Russian Nationalism and the Crisis of Words

22 Oct 2013

(Co-authored by Andrey Makarychev and Olga Gulina) The Russian model of multiculturalism is in crisis having recently proven itself to be a mixture of intolerance, xenophobia, and racism. These sentiments have all been publicly legitimized by a false rhetoric of “national patriotism,” with “Russia for Russians” having become the most popular slogan among growing nationalist segments within Russian society. Kondopoga, Manezh Square, Pugachev, and now Biryulyovo, are but a few examples of the nationalist riots and pogroms which have spread throughout the country.

Russia is of course not alone in this. European countries have their own records of ethnic-based discontent (France in 2005, Great Britain in 2011, Sweden in 2013, etc.) Yet in Paris, Lyon, London, or Stockholm, protestors were mostly young immigrants. In Biryulyovo, it was the locals who went to the streets in search of a “people's justice,” demanding the immediate investigation into the murder of local resident Yegor Scherbakov by someone of “non-Slavic appearance.”

Such anti-migrant actions have spilled over all across Russia. Conflicts with migrant communities have been registered in Saratov, Krasnodar, Omsk, Volgograd, and Astrakhan. Even former Moscow mayoral candidate Alexey Navalny began a campaign to introduce visa regimes for residents from Central Asia and the Southern Caucasus, receiving support from Russian ombudsman Vladimir Lukin.

What appear to be nationalist outbursts actually display a deep mistrust of the state, especially in its ability to regulate migration flows. The Putin regime wants to use nationalist sentiments to cement the conservative hardcore of its ideology yet is afraid of the scale of possible disobedience expressed beyond the existing institutions.

This makes the political implications of the Biryulyovo incident quite serious. The Kremlin has found itself squeezed between liberal and nationalistic groups of street protestors. The two protest streams, while separated by obvious ideological distinctions, both share a mutual mistrust of Putin's rule, causing substantial complications for Putin in his political game.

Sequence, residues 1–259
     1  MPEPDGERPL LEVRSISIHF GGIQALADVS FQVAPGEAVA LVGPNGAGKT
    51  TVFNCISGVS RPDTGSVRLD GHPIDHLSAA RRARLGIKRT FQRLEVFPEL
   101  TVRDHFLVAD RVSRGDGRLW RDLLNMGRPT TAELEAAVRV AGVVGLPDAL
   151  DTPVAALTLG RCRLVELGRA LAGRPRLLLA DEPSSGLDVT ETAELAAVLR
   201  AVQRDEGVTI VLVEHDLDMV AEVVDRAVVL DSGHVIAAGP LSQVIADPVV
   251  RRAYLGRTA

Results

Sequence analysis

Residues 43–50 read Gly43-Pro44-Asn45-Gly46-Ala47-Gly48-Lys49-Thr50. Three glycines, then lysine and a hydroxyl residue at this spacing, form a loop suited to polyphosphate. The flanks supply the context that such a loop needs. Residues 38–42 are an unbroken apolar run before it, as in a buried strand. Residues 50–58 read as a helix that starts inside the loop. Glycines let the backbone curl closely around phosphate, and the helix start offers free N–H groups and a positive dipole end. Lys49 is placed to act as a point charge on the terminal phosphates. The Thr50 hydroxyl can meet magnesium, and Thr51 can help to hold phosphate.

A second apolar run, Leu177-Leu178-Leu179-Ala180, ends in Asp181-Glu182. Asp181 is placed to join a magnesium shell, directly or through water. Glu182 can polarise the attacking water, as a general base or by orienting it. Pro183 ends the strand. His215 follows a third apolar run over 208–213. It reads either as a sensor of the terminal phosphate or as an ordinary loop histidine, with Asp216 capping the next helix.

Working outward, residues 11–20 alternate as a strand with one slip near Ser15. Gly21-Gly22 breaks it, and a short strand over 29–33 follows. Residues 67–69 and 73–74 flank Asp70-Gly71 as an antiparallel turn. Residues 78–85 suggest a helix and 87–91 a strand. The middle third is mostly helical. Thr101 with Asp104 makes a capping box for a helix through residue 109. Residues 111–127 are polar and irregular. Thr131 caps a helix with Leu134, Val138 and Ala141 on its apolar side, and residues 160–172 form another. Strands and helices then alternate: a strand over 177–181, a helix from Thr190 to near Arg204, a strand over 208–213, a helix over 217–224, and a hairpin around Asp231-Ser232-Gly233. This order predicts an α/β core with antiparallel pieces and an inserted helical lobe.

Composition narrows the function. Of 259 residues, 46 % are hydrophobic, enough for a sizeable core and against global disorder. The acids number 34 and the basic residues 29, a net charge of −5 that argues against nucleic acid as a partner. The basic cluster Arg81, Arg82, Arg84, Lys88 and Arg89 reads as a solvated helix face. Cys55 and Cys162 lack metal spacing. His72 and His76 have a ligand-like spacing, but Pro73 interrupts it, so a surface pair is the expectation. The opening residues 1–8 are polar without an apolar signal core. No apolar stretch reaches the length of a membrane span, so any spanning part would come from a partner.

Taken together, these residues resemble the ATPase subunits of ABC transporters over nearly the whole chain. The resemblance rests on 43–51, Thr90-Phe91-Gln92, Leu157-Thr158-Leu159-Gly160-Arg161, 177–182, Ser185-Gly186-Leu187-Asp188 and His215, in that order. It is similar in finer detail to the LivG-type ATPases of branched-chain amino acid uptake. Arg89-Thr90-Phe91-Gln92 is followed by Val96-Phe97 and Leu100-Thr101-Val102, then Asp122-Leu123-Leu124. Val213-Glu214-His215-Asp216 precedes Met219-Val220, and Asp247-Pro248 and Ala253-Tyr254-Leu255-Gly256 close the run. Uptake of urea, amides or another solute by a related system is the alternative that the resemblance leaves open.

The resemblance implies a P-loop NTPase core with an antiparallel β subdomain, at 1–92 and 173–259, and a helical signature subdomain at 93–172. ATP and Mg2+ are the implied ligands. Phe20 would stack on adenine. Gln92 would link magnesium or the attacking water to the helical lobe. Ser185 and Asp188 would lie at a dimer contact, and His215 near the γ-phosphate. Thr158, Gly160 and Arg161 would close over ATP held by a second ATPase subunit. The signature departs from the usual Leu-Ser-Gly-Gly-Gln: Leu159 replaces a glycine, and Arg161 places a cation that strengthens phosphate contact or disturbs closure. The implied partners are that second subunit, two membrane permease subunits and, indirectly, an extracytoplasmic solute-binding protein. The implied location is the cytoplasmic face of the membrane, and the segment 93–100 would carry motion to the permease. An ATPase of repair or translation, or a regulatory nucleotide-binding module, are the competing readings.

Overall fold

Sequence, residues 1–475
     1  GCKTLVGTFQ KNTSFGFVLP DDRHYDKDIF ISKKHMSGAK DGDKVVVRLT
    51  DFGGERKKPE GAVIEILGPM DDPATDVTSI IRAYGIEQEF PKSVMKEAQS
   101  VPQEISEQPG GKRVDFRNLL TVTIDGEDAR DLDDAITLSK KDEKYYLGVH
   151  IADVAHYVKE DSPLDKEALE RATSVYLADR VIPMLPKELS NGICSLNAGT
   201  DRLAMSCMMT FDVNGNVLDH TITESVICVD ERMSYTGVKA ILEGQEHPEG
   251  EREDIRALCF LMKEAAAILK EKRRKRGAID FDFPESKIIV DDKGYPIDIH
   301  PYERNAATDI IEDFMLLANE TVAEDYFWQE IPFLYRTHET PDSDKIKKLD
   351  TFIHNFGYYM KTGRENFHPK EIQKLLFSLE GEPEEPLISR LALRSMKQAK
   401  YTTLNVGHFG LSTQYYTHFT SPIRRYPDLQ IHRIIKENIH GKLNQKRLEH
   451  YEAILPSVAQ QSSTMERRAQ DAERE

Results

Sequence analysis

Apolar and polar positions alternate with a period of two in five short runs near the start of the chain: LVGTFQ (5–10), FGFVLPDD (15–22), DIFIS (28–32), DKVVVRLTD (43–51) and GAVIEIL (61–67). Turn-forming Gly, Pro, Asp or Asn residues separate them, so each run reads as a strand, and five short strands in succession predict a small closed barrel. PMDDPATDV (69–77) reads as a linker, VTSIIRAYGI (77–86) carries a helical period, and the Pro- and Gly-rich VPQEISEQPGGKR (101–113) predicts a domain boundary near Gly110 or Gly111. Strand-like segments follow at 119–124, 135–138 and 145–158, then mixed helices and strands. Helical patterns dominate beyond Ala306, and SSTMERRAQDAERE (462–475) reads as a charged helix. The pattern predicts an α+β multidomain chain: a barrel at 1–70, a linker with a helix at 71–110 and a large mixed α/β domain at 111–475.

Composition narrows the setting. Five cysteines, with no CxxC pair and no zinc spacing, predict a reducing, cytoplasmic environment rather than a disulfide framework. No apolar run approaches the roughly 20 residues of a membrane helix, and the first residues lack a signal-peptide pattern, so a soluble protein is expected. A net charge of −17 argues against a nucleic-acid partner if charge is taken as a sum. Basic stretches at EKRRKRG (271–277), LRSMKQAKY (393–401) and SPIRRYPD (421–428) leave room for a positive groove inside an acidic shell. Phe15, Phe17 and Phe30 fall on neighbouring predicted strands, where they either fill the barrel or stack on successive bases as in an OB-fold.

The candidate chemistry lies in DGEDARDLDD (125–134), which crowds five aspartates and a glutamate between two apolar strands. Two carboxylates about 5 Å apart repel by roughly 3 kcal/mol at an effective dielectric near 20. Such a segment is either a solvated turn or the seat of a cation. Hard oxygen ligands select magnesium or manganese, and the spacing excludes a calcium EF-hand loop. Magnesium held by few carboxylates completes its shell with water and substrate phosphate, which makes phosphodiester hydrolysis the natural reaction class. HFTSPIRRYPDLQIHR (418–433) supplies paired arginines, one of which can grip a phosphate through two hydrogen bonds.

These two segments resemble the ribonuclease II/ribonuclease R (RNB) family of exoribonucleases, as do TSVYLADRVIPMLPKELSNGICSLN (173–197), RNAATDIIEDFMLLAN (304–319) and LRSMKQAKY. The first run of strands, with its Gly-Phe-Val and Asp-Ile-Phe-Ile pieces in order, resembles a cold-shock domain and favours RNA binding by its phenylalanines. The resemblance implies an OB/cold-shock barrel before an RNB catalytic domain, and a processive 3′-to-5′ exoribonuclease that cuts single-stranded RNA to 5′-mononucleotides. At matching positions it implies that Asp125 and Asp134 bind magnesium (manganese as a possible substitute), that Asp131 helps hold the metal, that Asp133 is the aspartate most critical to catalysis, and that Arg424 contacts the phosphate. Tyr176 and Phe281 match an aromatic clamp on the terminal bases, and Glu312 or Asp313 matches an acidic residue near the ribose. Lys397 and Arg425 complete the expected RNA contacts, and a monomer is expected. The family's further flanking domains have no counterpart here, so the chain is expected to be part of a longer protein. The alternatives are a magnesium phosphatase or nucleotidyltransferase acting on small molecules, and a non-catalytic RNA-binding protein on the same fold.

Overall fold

Putin is currently stuck between two approaches on how to react to the Biryulyovo riots. One option is to portray the protestors as offenders of public order who engage in illegal actions and interfere in state's ability to govern. According to this logic, organizers of violent rallies are criminals who must be brought to justice much in the same way that the state took legal action against the Bolotnaya Square protestors earlier this year.

The second approach was in fact already announced by Interior Minister Vladimir Kolokoltsev. After a heavily armed police squad brought the Azeri citizen implicated in the murder of Scherbakov to Kolokoltsev’s office, the minister assured everyone that the state would keep doing its best to meet citizens' demands for order and justice. In other words, this Hollywood-style show de-facto justified the street riots by making clear that it is in fact these angry voices from below that caused the police to act more efficiently.

We see that while the Kremlin criminalizes the liberal opposition, it tries to play a more cautious game with nationalist groups, trying to decide if they should be portrayed as extreme nationalists or rather as patriotic citizens who love their country and have reached a point of desperation because of the state's inefficiency. The Kremlin seems as of yet not to have decided on what words will better serve its interests. The political landscape in Russia is changing so rapidly that even properly naming its new actors is a hard task.

Andrey Makarychev is a professor at the Institute of Government and Politics, University of Tartu, Estonia. Olga Gulina is a former research fellow at the Kennan Institute for Advanced Russian Studies.